World AIDS Day is held each year on December 1 as an opportunity to raise awareness about the fight against HIV, show support for people living with HIV and to commemorate people who have died from AIDS.
Here are five facts you should know about HIV and AIDS:
1. AIDS stands for Acquired Immune Deficiency Syndrome: Acquired means you can get infected with it; Immune Deficiency means a weakness in the body’s system that fights diseases; Syndrome means a group of health problems that make up a disease.
AIDS refers to the most advanced stages of HIV infection (human immunodeficiency virus), defined by the occurrence of any of more than 20 opportunistic infections or related cancers. Being HIV-positive, or having HIV disease, is not the same as having AIDS. Many people are HIV-positive but don't get sick for many years.
2. HIV can be transmitted through: unprotected sexual intercourse or oral sex with an infected person; transfusions of contaminated blood; the sharing of contaminated needles, syringes or other sharp instruments; or the transmission between a mother and her baby during pregnancy, childbirth and breastfeeding.
3. Globally, an estimated 36.7 million people were living with HIV in 2015, and 1.8 million of these were children (i.e., under the age of 15). The vast majority of people living with HIV are in low- and middle-income countries. An estimated 2.1 million people were newly infected with the virus in 2015. An estimated 1.1 million people died from AIDS-related causes in 2015, down from two million in 2000.
4. An estimated 150,000 children became infected with HIV in 2015, down from 290,000 in 2010—a decline of nearly 50 percent. Most of these children live in sub-Saharan Africa and were infected by their HIV-positive mothers during pregnancy, childbirth or breastfeeding. Mother-to-child-transmission of HIV is almost entirely avoidable, though access to preventive interventions remains limited in many low- and middle-income countries. In 2015, Cuba was the first country declared by the World Health Organization as having eliminated mother-to-child transmission of HIV. In June 2016, Armenia, Belarus, and Thailand were also validated for eliminating mother-to-child HIV.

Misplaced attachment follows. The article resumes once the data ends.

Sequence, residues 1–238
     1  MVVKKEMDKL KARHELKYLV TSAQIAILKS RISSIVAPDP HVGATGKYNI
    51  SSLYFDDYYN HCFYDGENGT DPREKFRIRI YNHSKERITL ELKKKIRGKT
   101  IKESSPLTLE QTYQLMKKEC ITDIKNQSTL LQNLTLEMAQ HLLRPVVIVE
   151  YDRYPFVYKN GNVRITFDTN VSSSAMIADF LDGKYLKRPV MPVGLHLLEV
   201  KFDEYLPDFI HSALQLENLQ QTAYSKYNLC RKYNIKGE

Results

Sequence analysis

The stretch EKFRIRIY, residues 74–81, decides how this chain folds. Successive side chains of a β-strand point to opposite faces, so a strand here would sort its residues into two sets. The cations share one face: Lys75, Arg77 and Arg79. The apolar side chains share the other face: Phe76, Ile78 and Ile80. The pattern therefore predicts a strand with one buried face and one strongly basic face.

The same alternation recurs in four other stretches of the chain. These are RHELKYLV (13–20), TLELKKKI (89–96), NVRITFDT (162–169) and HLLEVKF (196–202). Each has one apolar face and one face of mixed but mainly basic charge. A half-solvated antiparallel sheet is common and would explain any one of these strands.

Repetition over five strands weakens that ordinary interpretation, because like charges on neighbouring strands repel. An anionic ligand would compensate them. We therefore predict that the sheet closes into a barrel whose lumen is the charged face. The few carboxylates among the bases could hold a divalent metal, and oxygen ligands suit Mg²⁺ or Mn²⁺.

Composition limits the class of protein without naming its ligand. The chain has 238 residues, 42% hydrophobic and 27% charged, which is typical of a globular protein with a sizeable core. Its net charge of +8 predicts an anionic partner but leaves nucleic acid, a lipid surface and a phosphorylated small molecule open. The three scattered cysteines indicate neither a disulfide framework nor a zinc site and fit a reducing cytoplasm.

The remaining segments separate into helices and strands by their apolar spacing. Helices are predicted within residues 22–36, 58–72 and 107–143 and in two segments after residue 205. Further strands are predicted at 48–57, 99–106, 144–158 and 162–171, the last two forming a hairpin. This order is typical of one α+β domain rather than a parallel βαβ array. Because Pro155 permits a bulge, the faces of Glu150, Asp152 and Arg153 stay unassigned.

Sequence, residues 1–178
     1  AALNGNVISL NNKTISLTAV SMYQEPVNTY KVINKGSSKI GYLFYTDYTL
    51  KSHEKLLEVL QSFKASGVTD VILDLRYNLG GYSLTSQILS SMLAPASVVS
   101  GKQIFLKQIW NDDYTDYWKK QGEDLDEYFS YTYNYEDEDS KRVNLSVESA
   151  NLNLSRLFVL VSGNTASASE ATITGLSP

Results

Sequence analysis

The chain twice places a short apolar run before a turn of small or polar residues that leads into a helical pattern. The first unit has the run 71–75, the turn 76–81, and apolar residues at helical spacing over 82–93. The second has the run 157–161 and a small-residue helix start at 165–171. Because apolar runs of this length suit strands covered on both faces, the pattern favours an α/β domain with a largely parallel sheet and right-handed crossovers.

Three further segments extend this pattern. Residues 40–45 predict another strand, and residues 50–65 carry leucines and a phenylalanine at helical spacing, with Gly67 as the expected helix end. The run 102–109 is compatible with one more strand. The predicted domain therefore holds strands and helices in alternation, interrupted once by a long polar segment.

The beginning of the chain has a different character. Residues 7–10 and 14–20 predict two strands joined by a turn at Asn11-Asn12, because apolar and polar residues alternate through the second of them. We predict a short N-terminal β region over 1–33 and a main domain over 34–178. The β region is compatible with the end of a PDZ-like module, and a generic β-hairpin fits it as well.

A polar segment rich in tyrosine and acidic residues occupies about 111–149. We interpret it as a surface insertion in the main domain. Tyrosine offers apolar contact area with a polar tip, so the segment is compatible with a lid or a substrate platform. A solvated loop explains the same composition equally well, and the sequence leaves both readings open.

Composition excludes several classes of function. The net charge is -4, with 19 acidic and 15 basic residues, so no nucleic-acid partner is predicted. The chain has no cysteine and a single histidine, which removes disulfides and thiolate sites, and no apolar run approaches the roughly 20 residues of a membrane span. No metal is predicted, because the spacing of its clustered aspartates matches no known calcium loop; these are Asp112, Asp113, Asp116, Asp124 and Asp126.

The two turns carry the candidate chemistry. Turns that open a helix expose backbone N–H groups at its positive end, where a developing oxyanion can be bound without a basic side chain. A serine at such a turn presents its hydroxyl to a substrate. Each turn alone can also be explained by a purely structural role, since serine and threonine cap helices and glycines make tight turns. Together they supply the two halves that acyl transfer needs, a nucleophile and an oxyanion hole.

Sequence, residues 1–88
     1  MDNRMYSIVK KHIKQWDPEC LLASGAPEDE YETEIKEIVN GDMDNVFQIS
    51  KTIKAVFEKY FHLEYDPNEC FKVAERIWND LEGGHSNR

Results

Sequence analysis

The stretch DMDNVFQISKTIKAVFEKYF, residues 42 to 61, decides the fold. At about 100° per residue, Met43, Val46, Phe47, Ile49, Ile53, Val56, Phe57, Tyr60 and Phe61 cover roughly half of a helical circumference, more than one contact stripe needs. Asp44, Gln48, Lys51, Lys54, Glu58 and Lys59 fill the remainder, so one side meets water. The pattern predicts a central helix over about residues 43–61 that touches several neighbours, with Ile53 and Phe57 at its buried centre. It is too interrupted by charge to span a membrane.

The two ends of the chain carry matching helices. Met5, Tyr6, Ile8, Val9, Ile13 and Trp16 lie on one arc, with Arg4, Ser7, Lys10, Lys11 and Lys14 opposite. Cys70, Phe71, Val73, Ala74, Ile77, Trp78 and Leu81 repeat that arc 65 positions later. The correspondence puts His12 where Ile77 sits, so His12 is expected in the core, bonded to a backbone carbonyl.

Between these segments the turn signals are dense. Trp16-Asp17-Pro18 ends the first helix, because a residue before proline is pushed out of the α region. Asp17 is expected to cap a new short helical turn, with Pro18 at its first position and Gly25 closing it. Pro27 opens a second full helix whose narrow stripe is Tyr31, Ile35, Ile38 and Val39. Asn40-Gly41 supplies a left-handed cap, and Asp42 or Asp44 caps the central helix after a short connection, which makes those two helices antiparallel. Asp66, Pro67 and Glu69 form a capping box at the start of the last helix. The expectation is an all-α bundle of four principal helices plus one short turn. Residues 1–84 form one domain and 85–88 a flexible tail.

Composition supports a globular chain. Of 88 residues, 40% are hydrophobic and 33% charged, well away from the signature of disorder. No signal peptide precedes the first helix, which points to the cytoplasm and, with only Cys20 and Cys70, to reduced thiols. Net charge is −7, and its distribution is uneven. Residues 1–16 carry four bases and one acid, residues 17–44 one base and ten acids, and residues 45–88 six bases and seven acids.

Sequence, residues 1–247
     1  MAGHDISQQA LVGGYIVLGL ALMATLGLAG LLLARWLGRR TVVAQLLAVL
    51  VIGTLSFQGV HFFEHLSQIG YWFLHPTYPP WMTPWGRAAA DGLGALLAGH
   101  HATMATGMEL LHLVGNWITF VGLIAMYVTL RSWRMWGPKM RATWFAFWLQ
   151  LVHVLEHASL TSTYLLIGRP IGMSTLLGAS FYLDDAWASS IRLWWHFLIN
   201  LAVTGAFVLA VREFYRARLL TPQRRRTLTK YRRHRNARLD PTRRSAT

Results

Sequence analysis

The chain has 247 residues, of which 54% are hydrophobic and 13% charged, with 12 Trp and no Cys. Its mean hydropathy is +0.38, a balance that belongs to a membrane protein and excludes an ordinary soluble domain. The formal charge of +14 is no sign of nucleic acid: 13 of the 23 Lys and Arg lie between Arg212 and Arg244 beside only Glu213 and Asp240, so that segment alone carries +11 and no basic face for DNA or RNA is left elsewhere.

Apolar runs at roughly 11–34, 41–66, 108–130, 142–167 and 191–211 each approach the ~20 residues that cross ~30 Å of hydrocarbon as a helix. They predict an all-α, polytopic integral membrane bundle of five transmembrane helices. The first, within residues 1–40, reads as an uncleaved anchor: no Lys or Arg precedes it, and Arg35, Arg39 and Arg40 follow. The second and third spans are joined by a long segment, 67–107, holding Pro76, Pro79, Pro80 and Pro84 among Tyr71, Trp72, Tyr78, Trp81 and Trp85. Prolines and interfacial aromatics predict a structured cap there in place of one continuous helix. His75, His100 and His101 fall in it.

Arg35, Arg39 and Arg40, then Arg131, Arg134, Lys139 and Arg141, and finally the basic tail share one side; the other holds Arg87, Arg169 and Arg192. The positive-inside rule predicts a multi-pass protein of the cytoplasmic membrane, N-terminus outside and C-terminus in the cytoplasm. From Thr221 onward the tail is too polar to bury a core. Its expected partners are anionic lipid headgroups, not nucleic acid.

5. HIV is the result of multiple cross-species transmissions of simian immunodeficiency viruses (SIVs) naturally infecting African chimpanzees. While no one knows how the cross-species transmission occurred, the origin of the AIDS pandemic has been traced to the 1920s in the city of Kinshasa, in what is now the Democratic Republic of Congo. An international team of scientists say a “perfect storm” of a roaring sex trade, rapid population growth, and unsterilized needles used in health clinics probably spread the virus. HIV spread in the Congo for almost sixty years before it recognized as a new disease in 1981.